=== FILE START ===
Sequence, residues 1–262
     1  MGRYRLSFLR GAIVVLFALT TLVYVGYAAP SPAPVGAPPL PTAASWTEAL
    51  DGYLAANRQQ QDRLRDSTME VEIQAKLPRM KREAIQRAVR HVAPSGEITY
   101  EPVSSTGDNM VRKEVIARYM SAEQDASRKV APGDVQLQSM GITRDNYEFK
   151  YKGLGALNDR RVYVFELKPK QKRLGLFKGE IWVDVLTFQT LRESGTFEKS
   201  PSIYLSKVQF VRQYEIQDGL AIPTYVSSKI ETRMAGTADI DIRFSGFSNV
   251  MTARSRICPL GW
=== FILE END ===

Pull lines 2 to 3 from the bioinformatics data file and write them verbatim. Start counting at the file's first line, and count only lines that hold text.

     1  MGRYRLSFLR GAIVVLFALT TLVYVGYAAP SPAPVGAPPL PTAASWTEAL
    51  DGYLAANRQQ QDRLRDSTME VEIQAKLPRM KREAIQRAVR HVAPSGEITY